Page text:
And when Saul had come to Jerusalem, he tried to join the disciples; but they were all afraid of him, and did not believe that he was a disciple. But Barnabas took him and brought him to the apostles.
Only God knows the potential of each believer. We can project what we think God might do in someone’s life, but we have no way of knowing. We see only outward appearances and behavior, whereas God looks at the heart (1 Sam. 16:7).
The apostles were skeptical of some who professed to be Christians. No one seemed more unlikely to become a dedicated follower of Jesus than Saul of Tarsus. He had been one of Christianity’s greatest enemies, even overseeing the murder of Stephen (Acts 7:58-60). When Paul suddenly expressed an interest in knowing the leaders of the Christian movement, it was natural for the apostles to suspect devious motives and to doubt his conversion. Nevertheless, despite the apostles’ reluctance, Barnabas assumed the best in Paul and risked his own life to be Paul’s advocate.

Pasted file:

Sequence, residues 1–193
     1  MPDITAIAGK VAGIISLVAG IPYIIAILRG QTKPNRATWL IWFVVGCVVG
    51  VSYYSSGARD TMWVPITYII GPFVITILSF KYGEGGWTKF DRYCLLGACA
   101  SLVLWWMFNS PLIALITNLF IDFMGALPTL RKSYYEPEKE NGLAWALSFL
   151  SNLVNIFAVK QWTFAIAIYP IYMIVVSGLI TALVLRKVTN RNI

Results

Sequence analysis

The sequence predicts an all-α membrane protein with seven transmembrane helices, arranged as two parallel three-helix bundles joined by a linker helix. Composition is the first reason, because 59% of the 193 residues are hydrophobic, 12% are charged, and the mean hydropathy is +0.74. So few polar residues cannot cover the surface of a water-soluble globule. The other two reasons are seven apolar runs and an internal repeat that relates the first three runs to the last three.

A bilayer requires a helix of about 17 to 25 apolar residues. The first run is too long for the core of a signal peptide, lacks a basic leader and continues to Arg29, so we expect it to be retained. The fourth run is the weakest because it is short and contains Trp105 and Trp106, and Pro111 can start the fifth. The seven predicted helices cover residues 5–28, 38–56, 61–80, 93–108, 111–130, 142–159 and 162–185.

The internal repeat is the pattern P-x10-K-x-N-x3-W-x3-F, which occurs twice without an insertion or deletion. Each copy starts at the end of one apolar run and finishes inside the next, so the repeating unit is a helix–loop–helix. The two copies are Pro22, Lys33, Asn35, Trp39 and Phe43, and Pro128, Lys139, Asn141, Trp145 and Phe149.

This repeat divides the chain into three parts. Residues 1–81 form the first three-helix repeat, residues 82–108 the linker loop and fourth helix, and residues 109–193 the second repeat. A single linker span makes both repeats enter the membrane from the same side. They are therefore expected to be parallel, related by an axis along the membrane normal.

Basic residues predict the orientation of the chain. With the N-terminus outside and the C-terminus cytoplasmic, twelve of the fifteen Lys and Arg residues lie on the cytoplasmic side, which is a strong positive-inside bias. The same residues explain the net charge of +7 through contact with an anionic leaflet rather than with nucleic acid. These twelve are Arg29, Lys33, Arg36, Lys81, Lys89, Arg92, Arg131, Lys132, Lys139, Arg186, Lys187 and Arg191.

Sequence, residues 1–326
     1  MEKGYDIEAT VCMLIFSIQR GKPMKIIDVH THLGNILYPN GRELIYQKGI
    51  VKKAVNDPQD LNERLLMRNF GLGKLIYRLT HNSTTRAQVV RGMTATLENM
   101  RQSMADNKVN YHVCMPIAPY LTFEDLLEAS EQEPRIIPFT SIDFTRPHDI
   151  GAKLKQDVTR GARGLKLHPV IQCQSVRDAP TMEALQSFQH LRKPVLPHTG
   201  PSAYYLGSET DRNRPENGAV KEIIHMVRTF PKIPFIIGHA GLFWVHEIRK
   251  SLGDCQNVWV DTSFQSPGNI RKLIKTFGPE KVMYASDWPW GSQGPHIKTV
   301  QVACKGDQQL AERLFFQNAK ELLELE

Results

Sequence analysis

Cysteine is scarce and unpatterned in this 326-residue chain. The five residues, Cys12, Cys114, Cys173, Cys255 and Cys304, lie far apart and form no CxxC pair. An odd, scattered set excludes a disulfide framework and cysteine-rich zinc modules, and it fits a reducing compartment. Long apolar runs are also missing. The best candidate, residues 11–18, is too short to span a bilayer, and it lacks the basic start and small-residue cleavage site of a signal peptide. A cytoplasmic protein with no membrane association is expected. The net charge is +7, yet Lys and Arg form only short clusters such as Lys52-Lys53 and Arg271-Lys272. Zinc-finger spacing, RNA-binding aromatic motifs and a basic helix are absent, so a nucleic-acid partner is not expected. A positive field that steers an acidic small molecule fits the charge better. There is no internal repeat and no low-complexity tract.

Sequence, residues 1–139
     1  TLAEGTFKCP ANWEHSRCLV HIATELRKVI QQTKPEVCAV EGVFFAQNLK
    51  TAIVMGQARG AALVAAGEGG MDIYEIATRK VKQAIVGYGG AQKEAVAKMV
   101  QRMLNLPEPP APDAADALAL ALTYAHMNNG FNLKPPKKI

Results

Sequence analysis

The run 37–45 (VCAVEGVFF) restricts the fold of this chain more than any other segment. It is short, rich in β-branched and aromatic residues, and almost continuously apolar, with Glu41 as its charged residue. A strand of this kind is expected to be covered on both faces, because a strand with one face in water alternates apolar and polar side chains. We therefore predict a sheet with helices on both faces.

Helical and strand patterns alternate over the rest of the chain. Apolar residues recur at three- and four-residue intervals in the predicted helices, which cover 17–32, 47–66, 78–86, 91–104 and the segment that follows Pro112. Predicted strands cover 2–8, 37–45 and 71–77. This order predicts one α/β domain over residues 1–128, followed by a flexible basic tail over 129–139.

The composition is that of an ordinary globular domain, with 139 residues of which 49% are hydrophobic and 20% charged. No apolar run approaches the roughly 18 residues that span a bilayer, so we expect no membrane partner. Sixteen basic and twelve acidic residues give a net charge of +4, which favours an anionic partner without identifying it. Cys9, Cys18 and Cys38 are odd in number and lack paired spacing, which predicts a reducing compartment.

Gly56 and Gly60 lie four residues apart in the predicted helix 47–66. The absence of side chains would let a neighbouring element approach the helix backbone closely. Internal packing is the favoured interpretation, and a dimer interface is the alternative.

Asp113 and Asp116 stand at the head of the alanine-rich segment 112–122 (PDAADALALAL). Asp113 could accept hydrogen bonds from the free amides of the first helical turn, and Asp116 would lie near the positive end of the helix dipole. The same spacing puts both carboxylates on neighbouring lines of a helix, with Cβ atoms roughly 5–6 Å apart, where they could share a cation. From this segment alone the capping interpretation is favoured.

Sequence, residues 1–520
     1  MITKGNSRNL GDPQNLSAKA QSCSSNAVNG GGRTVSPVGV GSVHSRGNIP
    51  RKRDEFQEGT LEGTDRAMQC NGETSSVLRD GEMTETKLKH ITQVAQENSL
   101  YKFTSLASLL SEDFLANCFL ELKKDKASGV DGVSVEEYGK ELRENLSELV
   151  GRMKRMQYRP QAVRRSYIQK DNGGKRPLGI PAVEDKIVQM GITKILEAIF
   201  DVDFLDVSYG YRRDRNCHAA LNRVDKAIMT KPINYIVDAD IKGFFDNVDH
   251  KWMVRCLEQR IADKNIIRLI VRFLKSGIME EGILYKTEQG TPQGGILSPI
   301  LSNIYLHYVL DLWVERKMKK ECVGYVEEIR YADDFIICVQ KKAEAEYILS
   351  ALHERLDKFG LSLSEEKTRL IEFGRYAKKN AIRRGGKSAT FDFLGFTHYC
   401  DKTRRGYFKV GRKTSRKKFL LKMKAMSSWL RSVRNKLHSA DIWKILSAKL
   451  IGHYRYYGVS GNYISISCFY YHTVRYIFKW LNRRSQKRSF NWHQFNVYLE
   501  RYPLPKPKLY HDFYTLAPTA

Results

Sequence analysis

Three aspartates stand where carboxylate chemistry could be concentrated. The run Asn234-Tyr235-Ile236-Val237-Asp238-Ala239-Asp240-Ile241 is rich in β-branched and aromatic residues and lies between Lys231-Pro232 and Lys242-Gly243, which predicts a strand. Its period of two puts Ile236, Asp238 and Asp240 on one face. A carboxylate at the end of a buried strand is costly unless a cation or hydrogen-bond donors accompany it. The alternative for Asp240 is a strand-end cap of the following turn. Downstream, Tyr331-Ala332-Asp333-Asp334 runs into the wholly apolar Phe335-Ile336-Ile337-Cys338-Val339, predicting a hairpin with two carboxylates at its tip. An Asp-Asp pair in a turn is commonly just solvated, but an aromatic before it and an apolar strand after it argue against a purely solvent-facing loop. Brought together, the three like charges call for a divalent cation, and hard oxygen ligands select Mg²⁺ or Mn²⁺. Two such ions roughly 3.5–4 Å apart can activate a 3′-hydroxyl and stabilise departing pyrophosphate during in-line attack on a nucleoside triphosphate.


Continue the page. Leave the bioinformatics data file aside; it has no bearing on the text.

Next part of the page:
You may identify with Paul. Perhaps you were an improbable candidate to be a committed Christian. It may be that God placed a Christian friend beside you to help you develop your faith. Thank the Father for those He has sent to you who believed in what God could do in you, even when others doubted.
Perhaps you stand with the apostles. There may be some around you in whom you have little confidence, though they claim to be Christians. Be assured that if God could turn the proud and murderous Saul into one of the greatest saints in history, He is equally capable of redeeming those around you. Don’t give up on your fellow believers. Look to see where God is working in their lives, then join Him. It is a great privilege to be like Barnabas and to invest in the life of a fellow Christian. This is the purpose of discipleship.